The verdict is out

My own uncertainty stopped me from publishing this last week,  so I decided the first step was to hit the button and let it go.

In spite of the change in the headlines, the  atmosphere of doubt continues to make us feel unsteady and every foothold  appears loose.  This past week, uncertainty forced itself front and center with the headline Air Strikes in Libya, questions back home.  In this  New York Times story described President Obama’s decision  as ” a new dynamic whose consequences were especially hard to predict.”

In the last few years, the world has lived through, the unthinkable, surviving more than one “beyond all expectations” disaster. It certainly is not merely a testament to our resilience, but at every occurrence, I’m disturbed by  the absence of credible back up plans or adequate preparations .  In the US, complex financial trading  was not the cause for the financial meltdown of 2008. Rather than sustaining the myth of their mastery, the titans of finance when finally caught playing hot potato amidst an ever-widening, global market,  managed to  shatter the illusion that they were prudently managing and pricing ever-present risks.

In the Middle East, I share Thomas Friedman’s mixed sentiments

” As one who has long believed in the democracy potential for this part of the world, color me both really hopeful and really worried about the prospects.”

Yes, the situation raises both fear and hope as the future of the region,  abruptly severs itself from the past, is just too wide open. We’ve seen how Japan’s greatest natural disaster is quickly being dwarfed  by another event, the unfolding nuclear power crisis.  All in all, the odds are favoring unpredictability.

In each case, the initiating event was a difficult problem to predict, as limited occurrences make each nearly impossible to model the timing of their occurrence with accuracy.  Were these events inevitable? No, there was no certainty that they would occur, but there was a small but distinct possibility and yet we deferred plans and preparations for this rarity.

My Father, 20 years ago began to sell Long term care insurance.  At the time, he was in his 70’s and incredibly healthy.  He himself saw no merit in buying it, but believed strongly in the merits and value of the products.  As it turned out, he died abruptly so he was right, he didn’t need it.  In the US, we stopped building and authorizing new nuclear power plants after mistakes in the control room at Three Mile Island raised the nation’s consciousness to the consequences of a serious error.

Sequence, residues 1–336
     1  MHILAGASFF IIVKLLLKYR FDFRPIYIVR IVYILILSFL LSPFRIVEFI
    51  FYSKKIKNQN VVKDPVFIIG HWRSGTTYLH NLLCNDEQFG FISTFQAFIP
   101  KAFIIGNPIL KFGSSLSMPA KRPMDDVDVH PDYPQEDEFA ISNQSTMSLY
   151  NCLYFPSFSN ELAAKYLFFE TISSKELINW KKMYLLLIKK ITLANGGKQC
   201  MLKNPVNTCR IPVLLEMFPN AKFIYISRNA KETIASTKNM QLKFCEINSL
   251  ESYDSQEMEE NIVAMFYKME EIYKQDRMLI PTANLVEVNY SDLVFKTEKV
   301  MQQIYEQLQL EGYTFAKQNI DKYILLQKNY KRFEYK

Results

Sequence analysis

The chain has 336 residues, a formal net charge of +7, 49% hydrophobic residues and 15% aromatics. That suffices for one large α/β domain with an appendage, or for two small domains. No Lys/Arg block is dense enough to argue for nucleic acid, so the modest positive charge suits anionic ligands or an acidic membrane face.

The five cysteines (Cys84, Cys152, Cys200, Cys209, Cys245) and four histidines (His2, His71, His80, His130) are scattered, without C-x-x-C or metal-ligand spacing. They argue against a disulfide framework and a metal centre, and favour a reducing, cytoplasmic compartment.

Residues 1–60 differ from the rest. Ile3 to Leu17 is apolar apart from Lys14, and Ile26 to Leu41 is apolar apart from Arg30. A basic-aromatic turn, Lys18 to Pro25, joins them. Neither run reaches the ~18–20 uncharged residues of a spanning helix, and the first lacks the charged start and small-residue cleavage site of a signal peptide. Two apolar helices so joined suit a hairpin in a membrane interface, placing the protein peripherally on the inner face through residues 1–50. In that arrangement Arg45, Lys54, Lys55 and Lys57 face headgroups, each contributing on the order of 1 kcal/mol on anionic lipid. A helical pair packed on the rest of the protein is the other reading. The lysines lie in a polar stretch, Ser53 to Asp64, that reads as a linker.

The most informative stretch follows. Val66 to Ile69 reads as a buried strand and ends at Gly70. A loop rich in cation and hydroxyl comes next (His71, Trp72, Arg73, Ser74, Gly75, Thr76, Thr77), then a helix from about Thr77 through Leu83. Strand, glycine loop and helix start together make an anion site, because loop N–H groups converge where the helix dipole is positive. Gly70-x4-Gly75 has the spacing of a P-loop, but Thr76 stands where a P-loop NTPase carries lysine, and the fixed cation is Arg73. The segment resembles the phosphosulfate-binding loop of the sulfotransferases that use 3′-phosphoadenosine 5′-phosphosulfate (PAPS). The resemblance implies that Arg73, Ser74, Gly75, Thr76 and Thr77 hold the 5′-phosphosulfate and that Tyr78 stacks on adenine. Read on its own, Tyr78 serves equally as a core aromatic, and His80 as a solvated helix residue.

Only in the midst of concerns about global warming and rising global demand for scarce fossil fuels that have increased the risks associated with extraction from more complex environments has nuclear power been considered a possible alternative. But the news from Japan has  reawakened the consciousness of  the lasting threats of an error outweighing the possible benefits.

History of the use of nuclear power (top) and ...

Image via Wikipedia

In the face of uncertainty, our response is merely to rely on what we know, and accept the current system limitations and downsides  Policy wise, to satisfy the  increasing appetite for energy and electricity, the US remains dependent on fossil fuels and small investments in alternatives.

At the end of the day, it’s not the complexity associated with rapidly accelerating changes that we can’t seem to face.  Maybe, like my father, it’s our unwillingness to apply the logic to ourselves, and believe that it’s a risk we actually might have to face in which case the costs outweigh the potential benefits for the possibility we can’t imagine as real.  Or, maybe it’s merely the  magnitude of some risks, the rare ones that we can’t hedge, can’t contain and so we  fail to even address.   I’m not merely wondering why so  many miss  Nassim Taleb’s analysis of Black Swans.

I suspect we will need something else.  For example, a little more focus and outrage than what we have manage to muster domestically in the aftermath of these disasters.

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